Research Initiative on Hydrogen as a Climate Solution

Stanford University

Xiaolin Zheng (left) and Friedrich Prinz are co-directors of the Stanford Energy Hydrogen Initiative.
 Image: Stanford University


The Stanford Energy Hydrogen Initiative will fund research to evaluate hydrogen’s role in the transition to sustainable energy and the technologies, policies, and financial mechanisms to fulfill that role.

Stanford University: The idea that a hydrogen economy could end dependence on fossil fuels has waxed and waned several times since 1970. Now, technological advances and a greater focus on climate change have again brought hydrogen to the fore, if not as a total climate solution, then at least a significant one.

In response to these developments, Stanford University launched the Stanford Energy Hydrogen Initiative research and education program to figure out the best uses of hydrogen for decarbonization and to fund development of the necessary technologies, policies, and financial mechanisms. 

Three Stanford programs – the Precourt Institute for Energy, the Natural Gas Initiative, and the SUNCAT Center for Interface Science & Catalysis – have been organizing the Hydrogen Initiative for three years. More than 30 Stanford faculty members have been involved, ranging from mechanical engineers to economists, many with active research in hydrogen already.

“All three organizations share a passion for hydrogen. They all recognize the rising role of hydrogen in the global energy spectrum,” said Xiaolin Zheng, Stanford professor of mechanical engineering and the faculty co-director of the Hydrogen Initiative with Professor Friedrich Prinz. “It’s a shared interest across campus,” Zheng added, speaking at the initiative’s launch symposium on May 2.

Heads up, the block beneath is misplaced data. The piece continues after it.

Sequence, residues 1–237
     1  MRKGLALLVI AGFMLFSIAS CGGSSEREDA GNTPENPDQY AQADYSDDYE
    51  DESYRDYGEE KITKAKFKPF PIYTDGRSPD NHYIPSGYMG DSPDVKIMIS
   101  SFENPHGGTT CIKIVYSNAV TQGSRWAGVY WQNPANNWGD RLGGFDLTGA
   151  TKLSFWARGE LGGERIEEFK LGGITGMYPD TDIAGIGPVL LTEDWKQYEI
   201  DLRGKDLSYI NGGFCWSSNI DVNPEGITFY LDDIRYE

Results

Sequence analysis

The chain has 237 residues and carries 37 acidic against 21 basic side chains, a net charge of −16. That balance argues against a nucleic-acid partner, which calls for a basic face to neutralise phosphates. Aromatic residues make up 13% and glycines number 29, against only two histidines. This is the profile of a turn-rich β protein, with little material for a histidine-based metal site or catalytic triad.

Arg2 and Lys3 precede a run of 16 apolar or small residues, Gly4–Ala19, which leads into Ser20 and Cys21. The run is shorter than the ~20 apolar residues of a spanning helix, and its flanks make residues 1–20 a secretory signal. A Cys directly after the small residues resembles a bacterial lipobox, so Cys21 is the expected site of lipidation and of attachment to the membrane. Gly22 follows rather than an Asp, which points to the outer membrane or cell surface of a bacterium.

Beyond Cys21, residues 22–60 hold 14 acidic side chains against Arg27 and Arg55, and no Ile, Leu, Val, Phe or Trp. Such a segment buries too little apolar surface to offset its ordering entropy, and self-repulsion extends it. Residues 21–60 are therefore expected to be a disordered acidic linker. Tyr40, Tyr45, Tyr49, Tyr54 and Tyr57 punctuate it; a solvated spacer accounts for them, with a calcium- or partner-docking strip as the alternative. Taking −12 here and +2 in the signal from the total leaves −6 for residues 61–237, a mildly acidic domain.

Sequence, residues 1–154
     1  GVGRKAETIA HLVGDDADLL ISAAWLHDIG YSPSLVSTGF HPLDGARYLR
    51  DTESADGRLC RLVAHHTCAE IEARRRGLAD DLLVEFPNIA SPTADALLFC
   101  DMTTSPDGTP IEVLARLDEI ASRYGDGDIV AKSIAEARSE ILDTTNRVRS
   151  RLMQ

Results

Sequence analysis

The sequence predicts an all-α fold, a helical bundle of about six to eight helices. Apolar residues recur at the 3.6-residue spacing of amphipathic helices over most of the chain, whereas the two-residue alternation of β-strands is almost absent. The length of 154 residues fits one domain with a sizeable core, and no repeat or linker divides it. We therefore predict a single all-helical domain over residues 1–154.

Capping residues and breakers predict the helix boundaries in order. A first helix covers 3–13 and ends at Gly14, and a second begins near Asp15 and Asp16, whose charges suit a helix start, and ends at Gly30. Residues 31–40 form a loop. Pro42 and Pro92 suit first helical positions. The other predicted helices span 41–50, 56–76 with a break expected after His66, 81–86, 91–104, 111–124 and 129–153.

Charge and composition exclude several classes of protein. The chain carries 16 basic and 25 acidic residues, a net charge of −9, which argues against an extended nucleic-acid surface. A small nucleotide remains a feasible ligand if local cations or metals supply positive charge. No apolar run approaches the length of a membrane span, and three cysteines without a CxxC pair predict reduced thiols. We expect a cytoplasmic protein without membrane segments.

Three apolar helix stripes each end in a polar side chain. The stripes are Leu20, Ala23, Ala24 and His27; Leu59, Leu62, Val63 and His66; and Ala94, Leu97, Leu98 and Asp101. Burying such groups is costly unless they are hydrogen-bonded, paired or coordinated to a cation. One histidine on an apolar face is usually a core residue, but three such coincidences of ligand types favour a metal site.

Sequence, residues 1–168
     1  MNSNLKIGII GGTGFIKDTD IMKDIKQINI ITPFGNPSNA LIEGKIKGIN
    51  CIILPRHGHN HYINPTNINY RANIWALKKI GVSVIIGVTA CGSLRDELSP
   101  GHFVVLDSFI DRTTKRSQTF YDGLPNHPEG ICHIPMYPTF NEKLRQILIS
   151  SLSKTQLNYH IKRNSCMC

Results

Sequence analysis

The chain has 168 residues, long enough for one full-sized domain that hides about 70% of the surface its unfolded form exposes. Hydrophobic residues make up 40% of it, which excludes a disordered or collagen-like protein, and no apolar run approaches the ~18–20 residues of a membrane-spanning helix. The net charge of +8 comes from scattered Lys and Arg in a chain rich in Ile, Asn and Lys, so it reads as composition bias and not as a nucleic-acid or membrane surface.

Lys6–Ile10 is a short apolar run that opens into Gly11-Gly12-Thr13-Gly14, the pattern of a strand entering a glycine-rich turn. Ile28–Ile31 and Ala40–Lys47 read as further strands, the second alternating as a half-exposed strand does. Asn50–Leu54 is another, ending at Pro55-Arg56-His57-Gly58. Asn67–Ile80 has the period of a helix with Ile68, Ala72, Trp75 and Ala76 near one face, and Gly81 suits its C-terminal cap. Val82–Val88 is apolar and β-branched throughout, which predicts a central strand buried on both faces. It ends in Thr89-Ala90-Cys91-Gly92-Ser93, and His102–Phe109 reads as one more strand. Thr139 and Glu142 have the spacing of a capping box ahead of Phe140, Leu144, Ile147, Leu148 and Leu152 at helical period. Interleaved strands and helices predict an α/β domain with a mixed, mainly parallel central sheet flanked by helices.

Hydrogen’s role in making energy sustainable, affordable, and secure for all people looks to be a significant topic for the Stanford Doerr School of Sustainability, which will open its doors in September, said the transition dean of the new school, Kathryn Moler. 

“Two organizations – the Precourt Institute for Energy and the Natural Gas Initiative – that are really key in launching the Hydrogen Initiative will both be key founding components of the Stanford Doerr School of Sustainability,” said Moler, while the SUNCAT Center and the University’s other energy research programs will also be critical to the new school’s success.

Renewable fuels, including hydrogen and fuels produced from captured carbon dioxide, are one of Stanford’s strongest research areas in energy. Some 30 Stanford research programs, including the Natural Gas Initiative and the SUNCAT Center, and 150 researchers are working on hydrogen-related challenges. 

The Hydrogen Initiative is intended to bolster that strength with additional research dollars and more interdisciplinary research teams. “We have so many outstanding scholars in this area,” said Thomas Jaramillo, director of the SUNCAT Center, a joint program of Stanford’s School of Engineering and SLAC National Accelerator Laboratory. 

The new initiative will bring “us all together so we can understand what those challenges are, identify those opportunities and – very importantly – work together in new ways to come up with technological solutions,” said Jaramillo, who is also an associate professor of chemical engineering and of photon science.

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